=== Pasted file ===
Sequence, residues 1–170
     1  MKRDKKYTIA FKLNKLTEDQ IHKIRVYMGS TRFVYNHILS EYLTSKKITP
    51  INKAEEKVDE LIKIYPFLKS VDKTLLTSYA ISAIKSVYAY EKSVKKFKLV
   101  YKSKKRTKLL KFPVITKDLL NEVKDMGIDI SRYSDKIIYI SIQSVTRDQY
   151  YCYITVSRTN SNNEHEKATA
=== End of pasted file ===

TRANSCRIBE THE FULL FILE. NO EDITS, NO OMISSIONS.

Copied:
Sequence, residues 1–170
     1  MKRDKKYTIA FKLNKLTEDQ IHKIRVYMGS TRFVYNHILS EYLTSKKITP
    51  INKAEEKVDE LIKIYPFLKS VDKTLLTSYA ISAIKSVYAY EKSVKKFKLV
   101  YKSKKRTKLL KFPVITKDLL NEVKDMGIDI SRYSDKIIYI SIQSVTRDQY
   151  YCYITVSRTN SNNEHEKATA